First, God said Christ would come.

Next, Christ came.

Then, he served.

Now, he lives in you.

Take these next few minutes to look deep within yourself to see the presence of Christ, alive in you!

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When they heard the king, they went; and look, the star they had seen in the east went ahead of them until it stood over the place where the child was. When they saw the star, they were filled with joy. They entered the house and saw the child with Mary his mother. Falling to their knees, they honored him. Then they opened their treasure chests and presented him with gifts of gold, frankincense, and myrrh. Because they were warned in a dream not to return to Herod, they went back to their own country by another route.

Matthew 2:9-12

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When I was a youth, my church youth group performed a living nativity where we reenacted the story Jesus’ birth. During those years, I played a Magi many times. As I reflect back on that experience, I remember how much we focused on the giving of gifts. However, when I look at this passage now, I realize there’s a more important part that I’ve often overlooked. Before they presented Jesus with the gifts, they fell to their knees and honored him.

What does it really means to honor someone? Over the years, I’ve received many gifts from many wonderful people who have “honored” me for various reasons. Here’s the truth, I don’t remember all the gifts I received, but what I do remember are the relationships and the love I felt for the people who took the time to be with me.

It’s not about giving the best gifts; instead, it’s the selfless acts and the giving of one’s time to be with another person that best honors others and honors God.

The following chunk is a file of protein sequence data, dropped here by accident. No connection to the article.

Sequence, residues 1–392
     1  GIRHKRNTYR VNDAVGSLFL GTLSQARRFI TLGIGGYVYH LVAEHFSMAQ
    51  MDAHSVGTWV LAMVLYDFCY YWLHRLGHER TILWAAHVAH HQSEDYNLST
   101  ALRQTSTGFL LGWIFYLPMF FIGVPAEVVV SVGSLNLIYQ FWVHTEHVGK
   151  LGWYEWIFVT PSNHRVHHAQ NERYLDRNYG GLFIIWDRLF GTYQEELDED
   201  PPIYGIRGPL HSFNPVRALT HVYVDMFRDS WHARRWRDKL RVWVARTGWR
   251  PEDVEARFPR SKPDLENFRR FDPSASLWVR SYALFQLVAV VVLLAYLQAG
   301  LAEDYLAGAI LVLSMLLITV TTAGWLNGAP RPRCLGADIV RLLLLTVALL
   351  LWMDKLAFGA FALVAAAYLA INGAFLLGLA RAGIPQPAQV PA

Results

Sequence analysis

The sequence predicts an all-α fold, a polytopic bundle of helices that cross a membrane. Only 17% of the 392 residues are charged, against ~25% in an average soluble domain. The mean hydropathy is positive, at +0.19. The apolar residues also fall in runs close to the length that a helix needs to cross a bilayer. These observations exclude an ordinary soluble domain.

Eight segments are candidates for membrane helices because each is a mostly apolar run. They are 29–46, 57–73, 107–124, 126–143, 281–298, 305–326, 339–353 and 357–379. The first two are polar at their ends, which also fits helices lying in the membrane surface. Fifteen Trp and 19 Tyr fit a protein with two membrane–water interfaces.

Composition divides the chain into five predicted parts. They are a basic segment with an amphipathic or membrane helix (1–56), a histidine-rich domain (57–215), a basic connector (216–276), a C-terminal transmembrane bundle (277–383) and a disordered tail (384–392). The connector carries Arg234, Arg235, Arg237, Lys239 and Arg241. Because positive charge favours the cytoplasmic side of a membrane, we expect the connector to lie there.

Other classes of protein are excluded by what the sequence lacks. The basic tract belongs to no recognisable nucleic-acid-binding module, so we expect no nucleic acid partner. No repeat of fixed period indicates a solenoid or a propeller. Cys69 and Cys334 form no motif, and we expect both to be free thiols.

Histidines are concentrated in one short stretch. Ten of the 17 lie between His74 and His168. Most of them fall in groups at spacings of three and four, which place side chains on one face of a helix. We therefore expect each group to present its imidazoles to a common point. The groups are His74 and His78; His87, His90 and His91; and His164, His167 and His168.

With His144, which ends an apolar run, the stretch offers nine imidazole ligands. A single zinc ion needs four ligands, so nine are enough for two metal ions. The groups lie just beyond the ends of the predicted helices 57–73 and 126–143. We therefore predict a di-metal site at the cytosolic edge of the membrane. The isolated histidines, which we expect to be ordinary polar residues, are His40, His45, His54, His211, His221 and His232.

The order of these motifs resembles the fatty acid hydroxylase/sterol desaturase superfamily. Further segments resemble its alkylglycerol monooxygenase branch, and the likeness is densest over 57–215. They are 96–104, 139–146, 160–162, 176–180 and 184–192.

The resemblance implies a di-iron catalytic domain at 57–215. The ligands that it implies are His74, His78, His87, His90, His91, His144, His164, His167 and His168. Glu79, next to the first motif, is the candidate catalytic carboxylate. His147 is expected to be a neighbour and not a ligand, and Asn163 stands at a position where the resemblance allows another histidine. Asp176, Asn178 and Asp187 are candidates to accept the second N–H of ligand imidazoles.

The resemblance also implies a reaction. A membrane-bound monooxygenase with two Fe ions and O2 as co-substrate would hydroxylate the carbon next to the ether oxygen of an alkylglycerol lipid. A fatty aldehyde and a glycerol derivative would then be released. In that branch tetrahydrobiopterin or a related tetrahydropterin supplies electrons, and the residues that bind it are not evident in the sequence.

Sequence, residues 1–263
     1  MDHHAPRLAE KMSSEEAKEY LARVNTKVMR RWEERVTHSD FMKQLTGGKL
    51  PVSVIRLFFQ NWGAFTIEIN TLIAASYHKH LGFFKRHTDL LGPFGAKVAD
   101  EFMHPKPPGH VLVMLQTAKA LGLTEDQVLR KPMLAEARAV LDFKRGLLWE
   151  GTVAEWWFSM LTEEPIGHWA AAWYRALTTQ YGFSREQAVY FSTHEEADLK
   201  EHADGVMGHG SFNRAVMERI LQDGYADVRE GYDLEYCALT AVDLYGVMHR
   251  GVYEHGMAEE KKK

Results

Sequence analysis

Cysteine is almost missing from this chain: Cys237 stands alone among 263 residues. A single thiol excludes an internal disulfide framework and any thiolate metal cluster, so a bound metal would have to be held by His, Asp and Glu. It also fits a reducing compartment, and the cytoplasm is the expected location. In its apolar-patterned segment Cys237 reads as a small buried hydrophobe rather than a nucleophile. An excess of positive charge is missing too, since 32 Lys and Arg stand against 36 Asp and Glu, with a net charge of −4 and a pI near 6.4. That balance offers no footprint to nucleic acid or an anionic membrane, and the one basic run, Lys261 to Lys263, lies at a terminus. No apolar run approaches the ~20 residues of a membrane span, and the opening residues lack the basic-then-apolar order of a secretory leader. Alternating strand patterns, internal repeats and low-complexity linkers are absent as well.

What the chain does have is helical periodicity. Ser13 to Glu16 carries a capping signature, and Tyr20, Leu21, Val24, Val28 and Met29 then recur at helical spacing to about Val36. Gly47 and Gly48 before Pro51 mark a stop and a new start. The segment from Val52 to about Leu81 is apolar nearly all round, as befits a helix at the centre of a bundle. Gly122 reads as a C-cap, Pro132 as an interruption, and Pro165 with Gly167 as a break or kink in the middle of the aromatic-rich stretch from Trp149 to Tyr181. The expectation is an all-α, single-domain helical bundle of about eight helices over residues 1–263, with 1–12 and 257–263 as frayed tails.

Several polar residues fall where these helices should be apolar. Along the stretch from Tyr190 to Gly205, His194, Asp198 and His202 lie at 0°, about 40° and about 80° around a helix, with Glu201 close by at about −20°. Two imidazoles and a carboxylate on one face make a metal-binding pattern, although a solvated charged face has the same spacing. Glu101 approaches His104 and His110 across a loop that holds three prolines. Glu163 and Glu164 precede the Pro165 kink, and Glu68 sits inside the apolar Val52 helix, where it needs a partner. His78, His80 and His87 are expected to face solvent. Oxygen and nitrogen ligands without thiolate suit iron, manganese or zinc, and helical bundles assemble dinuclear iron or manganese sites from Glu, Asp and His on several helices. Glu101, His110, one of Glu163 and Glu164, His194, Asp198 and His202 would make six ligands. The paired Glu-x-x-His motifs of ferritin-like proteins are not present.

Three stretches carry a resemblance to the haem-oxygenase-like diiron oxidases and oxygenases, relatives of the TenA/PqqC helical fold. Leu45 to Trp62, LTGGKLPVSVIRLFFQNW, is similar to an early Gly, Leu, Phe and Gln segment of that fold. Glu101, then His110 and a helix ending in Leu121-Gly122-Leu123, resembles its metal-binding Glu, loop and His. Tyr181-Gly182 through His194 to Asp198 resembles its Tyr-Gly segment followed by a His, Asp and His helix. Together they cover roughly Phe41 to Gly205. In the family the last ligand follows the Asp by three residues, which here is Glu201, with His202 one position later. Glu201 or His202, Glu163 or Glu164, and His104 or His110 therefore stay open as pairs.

Jeremy Wilhelmi

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Lord, help me see that the value of relationships is far greater than the value of things. Help me be selfless to those I seek to honor... full of gratitude, humility, and love. Amen.

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O star of wonder, star of night, / Star with royal beauty bright. / Westward leading, still proceeding, / Guide us to thy perfect light.

from “We Three Kings” by John Henry Hopkins, Jr. (1857)

Jeremy Wilhelmi

Jeremy Wilhelmi is the Chaplain at University of the Ozarks in Clarksville, Arkansas. He has been an ordained minister in the Presbyterian Church (USA) for over 12 years. Jeremy tries to find little ways to express joy each day. As of late, Jeremy has grown quite the collection of socks with all kinds of personality to them. He decided solid-colored socks were just not joyful enough.

Bid All Our Sad Divisions Cease

Nathan Hanson

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